World reaction to possible death of Wagner chief Prigozhin

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By Webdesk

Russia’s ministry for emergency situation announces crash of a private plane travelling between Moscow and St Petersburg saying Wagner chief Prigozhin was on the passenger list.

Russian mercenary chief Yevgeny Prigozhin was listed as a passenger on a private jet that crashed north of Moscow, killing all 10 people, the Russian authorities said.

It remains to be confirmed if the Wagner chief had actually boarded the flight.

Since the rebellion by Wagner forces in June, Prigozhin was seen as the biggest challenge to Russian President Vladimir Putin’s authority since he came to power.

Here is how the world reacted to the crash and the reported death of Prigozhin:

United States

President Joe Biden says he was “not surprised” at news that Prigozhin may have died in a plane crash in Russia.

“I don’t know for a fact what happened, but I’m not surprised,” Biden said, adding, “There’s not much that happens in Russia that Putin’s not behind. But I don’t know enough to know the answer.”


Presidential aide Mykhaylo Podolyak wrote on social media the crash of the plane was a signal from the Kremlin to anyone who showed disloyalty.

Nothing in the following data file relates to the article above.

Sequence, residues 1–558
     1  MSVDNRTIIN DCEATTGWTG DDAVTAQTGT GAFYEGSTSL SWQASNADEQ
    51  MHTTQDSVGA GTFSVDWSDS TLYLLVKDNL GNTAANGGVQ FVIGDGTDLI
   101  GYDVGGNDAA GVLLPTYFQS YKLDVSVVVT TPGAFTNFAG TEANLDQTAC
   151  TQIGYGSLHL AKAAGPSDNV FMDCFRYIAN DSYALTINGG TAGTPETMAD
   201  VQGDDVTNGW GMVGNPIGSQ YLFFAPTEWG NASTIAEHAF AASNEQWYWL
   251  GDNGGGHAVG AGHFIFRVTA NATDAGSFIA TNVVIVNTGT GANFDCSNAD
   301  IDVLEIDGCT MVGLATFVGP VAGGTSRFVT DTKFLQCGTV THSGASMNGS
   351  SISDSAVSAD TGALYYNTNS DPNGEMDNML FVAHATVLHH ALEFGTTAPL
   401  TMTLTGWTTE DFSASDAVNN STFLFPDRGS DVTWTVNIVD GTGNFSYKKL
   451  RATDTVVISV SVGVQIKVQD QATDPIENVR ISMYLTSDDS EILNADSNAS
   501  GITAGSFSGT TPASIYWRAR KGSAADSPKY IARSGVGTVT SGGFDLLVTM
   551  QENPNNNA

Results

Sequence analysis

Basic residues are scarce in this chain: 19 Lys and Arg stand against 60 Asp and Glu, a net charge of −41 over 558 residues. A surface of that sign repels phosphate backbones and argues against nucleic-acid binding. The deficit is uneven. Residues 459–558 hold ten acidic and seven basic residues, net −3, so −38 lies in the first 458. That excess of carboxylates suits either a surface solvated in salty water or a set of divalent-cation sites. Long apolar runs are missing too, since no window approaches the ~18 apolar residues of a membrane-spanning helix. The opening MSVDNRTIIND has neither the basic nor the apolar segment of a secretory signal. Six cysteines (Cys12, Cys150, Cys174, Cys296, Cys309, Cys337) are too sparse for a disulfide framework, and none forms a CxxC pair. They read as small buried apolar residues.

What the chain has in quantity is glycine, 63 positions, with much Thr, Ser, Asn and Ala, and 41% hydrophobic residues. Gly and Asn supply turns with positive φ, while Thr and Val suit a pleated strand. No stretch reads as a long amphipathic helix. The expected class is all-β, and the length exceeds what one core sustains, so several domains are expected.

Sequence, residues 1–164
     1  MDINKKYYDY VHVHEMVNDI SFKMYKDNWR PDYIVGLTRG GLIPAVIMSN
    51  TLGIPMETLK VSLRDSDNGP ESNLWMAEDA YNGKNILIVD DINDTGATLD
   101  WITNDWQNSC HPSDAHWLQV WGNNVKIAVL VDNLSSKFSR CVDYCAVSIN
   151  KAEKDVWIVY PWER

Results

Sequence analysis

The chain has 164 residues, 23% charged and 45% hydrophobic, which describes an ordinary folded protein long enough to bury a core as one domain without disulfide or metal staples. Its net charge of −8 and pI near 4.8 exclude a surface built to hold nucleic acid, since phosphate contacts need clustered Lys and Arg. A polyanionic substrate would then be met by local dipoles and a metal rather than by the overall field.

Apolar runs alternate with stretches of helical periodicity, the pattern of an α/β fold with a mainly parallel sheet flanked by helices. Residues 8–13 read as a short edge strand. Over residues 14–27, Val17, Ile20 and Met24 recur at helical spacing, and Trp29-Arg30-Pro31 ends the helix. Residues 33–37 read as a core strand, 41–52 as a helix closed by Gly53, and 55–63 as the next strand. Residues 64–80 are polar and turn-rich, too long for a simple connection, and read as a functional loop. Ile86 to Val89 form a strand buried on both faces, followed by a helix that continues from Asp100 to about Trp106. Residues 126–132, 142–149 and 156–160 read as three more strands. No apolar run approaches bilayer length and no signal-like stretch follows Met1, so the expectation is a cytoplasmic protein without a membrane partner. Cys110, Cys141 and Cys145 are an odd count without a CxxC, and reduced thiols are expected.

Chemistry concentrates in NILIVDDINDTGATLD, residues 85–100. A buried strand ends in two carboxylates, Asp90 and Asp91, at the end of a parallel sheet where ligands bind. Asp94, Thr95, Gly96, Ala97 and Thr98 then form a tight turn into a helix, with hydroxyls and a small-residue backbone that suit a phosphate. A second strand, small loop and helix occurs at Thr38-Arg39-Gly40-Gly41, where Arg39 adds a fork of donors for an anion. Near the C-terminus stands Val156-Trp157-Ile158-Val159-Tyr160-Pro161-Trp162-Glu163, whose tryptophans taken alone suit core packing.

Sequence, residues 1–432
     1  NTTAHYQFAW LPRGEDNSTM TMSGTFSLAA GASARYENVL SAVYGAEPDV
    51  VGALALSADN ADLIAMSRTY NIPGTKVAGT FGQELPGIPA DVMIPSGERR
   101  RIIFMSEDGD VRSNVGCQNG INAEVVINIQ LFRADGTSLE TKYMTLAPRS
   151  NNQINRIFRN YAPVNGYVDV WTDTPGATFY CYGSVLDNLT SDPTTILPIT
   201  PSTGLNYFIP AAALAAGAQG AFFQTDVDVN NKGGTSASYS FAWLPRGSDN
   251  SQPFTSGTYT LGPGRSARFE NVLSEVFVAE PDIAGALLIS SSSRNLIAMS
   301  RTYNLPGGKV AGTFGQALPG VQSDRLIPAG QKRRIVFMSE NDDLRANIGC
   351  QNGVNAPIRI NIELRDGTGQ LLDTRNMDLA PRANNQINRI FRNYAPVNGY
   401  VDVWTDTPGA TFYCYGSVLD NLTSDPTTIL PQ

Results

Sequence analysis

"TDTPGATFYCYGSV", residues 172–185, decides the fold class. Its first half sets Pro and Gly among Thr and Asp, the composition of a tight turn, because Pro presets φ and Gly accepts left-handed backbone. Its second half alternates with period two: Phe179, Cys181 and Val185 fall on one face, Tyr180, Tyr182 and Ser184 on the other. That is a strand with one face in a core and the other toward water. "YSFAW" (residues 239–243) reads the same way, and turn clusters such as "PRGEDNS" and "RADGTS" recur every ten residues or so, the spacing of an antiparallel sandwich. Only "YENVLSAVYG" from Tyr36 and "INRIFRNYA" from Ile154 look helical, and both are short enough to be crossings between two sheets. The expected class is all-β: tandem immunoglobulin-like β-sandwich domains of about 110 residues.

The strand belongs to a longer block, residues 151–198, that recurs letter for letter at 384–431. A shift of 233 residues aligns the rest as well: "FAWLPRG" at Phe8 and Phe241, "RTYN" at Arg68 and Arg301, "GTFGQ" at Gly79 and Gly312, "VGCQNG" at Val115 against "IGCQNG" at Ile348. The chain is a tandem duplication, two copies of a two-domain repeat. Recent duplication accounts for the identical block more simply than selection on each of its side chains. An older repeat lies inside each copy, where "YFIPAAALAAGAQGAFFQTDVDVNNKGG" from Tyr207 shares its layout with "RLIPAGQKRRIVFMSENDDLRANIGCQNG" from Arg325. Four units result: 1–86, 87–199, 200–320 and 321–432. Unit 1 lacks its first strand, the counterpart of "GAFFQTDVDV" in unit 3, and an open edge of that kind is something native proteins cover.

“The demonstrative elimination of Prigozhin and the Wagner command two months after the coup attempt is a signal from Putin to Russia’s elites ahead of the 2024 elections. ‘Beware! Disloyalty equals death’”, Podolyak wrote.


Estonia Prime Minister Kaja Kallas, in an interview with CNN, said Putin will “eliminate opponents and that scares anyone who is thinking of expressing opinion different than his”.


Polish Foreign Minister Zbigniew Rau, on state news channel TVP Info, said that those who threatened Putin’s power do not “die naturally”.

“We would have great trouble naming anyone who would intuitively think this was a coincidence. It so happens that political opponents whom Vladimir Putin considers a threat to his power do not die naturally.”

United Kingdom

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